September 2018
Volume 18, Issue 10
Open Access
Vision Sciences Society Annual Meeting Abstract  |   September 2018
Task-relevant category differences strongly influence temporal visual statistical learning
Author Affiliations
  • Timothy Vickery
    Department of Psychological and Brain Sciences, University of Delaware
  • Su Hyoun Park
    Department of Psychological and Brain Sciences, University of Delaware
  • Marian Berryhill
    Department of Psychology, University of Nevada, Reno
  • Valerie Beck
    Department of Psychological and Brain Sciences, University of Delaware
Journal of Vision September 2018, Vol.18, 1308. doi:
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      Timothy Vickery, Su Hyoun Park, Marian Berryhill, Valerie Beck; Task-relevant category differences strongly influence temporal visual statistical learning. Journal of Vision 2018;18(10):1308.

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      © ARVO (1962-2015); The Authors (2016-present)

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Temporal visual statistical learning (VSL) refers to the ability to extract temporal regularities from a succession of visual experiences. Little is known about how stimulus characteristics interact with VSL. In Experiment 1, we investigated how stimulus diversity impacts temporal VSL by presenting streams of face (female/male) and scene (indoor/outdoor) images presented one at a time to subjects. Unbeknownst to subjects, streams were composed of AB pairs of images, where A always predicted the appearance of B, which could be either same (e.g., male-male) or different subcategory (e.g., male-female), or different category (e.g., female-indoor). After familiarization, subjects completed a surprise forced-choice recognition task that pitted target against recombined foil pairs. When asked to detect "jiggle" events during familiarization, recognition was unaffected by categorical diversity. However, when asked to categorize events according to type of face or scene (female/male or indoor/outdoor), subjects were strongly affected by pair composition. Same-subcategory pairs were remembered much better than different-subcategory pairs, implying that categorization advantaged learning for more similar items. However, different-subcategory pairs required switching responses, creating response conflict that could have interfered with learning. In two additional experiments, we examined whether the same-subcategory advantage was due to response interference. Using only face images, in Experiment 2 we asked subjects to respond to gender or respond whether the face was the same or different gender as the preceding face. For same/different responders, we found the same effects of category even for pairs always associated with a response switch. In experiment 3, we flanked faces with congruent or incongruent category labels, reliably inducing response interference for some pairs but not others. We found no effects of response interference during training on subsequent memory for pairs. We conclude that temporal VSL is strongly influenced by categories of constituent stimuli, but only when those categories are task-relevant.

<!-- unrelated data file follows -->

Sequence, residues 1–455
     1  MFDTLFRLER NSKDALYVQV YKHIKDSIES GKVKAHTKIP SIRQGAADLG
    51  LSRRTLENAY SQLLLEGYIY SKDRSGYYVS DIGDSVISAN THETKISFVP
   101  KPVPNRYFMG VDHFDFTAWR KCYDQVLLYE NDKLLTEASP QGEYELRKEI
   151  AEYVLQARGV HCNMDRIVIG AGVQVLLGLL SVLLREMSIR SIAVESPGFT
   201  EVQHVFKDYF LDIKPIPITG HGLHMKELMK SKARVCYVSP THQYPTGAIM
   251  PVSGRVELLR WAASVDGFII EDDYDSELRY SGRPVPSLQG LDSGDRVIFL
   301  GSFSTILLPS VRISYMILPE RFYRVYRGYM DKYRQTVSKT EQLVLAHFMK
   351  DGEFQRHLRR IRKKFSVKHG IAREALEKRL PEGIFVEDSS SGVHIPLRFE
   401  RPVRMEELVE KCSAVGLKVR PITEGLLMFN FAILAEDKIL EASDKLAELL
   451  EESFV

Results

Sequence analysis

Meeting abstract presented at VSS 2018


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